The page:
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    Work towards a conclusion. The general structure of an essay usually goes from broad to specific. You could visualize this tendency as an upside-down pyramid or as a funnel. By the time you get to your conclusion, it should feel as though the information in your conclusion is inevitable. It's essentially a recap of everything you've spent your whole essay trying to prove.[7] However, there is also potential to use your conclusion for other purposes. You may find that you want to use your conclusion to:
    • Qualify or complicate the information in your essay
    • Suggest a need for further research
    • Speculate on how the future will change the current situation

Part 3
Revising the Essay

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    Give yourself plenty of time. Leaving your essay to the last minute is not a good idea. Try to allow yourself at least a couple of days to revise your work, or more if possible. It is important to take a one to two day break from your essay after you have completed it. Then you can come back to it and revise with a fresh perspective.[8]
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    Focus on improving the content of your essay first. Some people only focus on the grammar and punctuation when revising an essay, but this is less important than the content of your essay. Answer the essay question in as much detail as possible. Reread the essay question or assignment guidelines and ask:[9]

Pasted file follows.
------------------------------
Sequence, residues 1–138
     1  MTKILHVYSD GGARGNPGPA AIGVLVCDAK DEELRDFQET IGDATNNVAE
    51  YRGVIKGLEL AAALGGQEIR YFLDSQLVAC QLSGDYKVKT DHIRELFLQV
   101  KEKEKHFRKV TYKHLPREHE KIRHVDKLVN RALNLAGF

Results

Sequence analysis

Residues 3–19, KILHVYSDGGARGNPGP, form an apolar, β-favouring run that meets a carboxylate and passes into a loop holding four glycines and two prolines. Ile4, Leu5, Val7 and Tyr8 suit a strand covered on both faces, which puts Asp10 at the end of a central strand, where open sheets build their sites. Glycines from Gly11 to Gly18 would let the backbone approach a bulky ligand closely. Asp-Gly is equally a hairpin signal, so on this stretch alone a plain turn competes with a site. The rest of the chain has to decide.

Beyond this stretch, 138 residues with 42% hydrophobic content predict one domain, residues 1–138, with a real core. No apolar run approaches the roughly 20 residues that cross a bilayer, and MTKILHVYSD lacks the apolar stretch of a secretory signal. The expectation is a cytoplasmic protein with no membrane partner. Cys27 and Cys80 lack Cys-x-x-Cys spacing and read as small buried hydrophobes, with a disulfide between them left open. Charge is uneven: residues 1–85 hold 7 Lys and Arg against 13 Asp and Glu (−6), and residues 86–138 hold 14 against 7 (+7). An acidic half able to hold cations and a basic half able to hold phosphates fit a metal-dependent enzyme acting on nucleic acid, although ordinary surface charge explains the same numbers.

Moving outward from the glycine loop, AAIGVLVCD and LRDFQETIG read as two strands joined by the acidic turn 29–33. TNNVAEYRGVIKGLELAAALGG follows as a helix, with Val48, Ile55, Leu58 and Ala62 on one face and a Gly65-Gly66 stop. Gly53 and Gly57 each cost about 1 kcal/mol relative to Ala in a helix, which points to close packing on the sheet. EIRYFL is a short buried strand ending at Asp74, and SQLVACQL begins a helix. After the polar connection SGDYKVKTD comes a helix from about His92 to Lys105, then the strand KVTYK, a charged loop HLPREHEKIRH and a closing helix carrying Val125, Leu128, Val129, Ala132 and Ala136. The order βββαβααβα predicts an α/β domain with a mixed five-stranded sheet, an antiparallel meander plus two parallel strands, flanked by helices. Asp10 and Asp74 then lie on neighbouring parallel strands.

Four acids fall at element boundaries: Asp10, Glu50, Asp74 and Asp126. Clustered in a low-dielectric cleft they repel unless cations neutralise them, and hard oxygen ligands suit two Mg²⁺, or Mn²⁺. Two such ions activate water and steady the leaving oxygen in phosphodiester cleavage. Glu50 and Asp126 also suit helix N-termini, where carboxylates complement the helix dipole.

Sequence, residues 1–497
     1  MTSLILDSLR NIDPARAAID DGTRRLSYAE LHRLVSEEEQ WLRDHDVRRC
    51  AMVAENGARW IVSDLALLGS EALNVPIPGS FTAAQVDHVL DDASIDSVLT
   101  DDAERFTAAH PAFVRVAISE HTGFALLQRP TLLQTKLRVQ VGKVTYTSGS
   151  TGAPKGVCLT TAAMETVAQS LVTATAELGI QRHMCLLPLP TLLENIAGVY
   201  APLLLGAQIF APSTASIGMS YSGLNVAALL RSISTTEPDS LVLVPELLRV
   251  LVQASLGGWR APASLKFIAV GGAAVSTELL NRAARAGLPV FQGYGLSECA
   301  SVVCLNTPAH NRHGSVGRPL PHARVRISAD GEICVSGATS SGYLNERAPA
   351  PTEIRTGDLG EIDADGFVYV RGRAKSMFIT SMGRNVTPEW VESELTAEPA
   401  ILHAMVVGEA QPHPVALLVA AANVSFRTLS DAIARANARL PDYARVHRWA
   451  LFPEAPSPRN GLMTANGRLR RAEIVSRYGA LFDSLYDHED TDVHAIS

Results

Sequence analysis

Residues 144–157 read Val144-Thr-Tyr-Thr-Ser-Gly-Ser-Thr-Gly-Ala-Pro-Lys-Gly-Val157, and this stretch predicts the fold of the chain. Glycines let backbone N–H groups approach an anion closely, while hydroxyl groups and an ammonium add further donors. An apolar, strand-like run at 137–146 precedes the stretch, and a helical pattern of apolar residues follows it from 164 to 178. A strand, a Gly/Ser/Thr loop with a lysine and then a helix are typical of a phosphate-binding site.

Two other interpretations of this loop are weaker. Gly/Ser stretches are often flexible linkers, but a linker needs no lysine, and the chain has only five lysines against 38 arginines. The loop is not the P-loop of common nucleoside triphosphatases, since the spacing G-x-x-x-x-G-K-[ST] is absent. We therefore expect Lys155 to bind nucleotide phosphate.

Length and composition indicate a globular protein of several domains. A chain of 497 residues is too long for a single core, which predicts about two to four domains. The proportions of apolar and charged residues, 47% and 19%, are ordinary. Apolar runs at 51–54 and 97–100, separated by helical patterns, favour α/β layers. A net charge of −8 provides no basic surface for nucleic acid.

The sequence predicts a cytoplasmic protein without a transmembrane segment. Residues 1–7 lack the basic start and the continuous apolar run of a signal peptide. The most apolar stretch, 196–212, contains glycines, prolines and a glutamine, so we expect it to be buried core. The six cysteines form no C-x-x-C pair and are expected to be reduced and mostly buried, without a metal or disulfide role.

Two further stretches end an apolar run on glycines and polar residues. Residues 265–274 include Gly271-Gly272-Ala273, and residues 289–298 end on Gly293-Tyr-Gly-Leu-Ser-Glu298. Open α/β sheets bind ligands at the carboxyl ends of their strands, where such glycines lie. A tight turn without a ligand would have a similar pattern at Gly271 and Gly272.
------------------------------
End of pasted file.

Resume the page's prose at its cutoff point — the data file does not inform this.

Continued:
• Have I answered the question in a satisfactory way?
    • Do I have a clear thesis? Is my thesis the focus of my essay?
    • Do I include adequate support for my argument? Is there anything else I could add?
    • Is there a logic to my essay? Does one idea follow the next? If not, how might I improve the logic of my essay?
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    Ask a friend to read your essay. Having a friend or classmate take a look at your work can be helpful as well. Someone else may catch simple errors or notice something else that you missed because you have been looking at the document so much.[10]
    • Try swapping essays with a friend from class. You can read and comment on each other’s essays to make sure that both of you have done the best work possible.
    • Make sure that you swap papers at least one day before the paper is due so that you will have time to correct any errors that your friend finds.
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    Read your essay out loud. Reading your essay aloud can help you to catch simple errors that you might not have caught otherwise.[11] Read your essay out loud slowly and have a pencil nearby (or be prepared to edit on your computer).
    • As you read, correct any errors that you find and underline anything that you think could be improved, such as by adding more details or clarifying the language.

Part 4
Planning Your Essay

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    Analyze the topic or essay question. Take time to read over the essay question or guidelines and think about what the assignment is asking you to do. You should underline any keywords such as describe, compare, contrast, explain, argue, or propose. You should also underline any central themes or ideas that the assignment asks you to discuss such as freedom, family, defeat, love, etc.[12]
    • If you do not understand what an assignment is asking you to do, then ask your instructor. It is important to make sure that you have a clear idea of what your instructor wants before you start working on the assignment.
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    Consider your audience. Your instructor is your primary audience for the essay, so you will need to consider your instructor’s needs and expectations before you write.[13] Some basic things that your instructor will need and expect from you may include: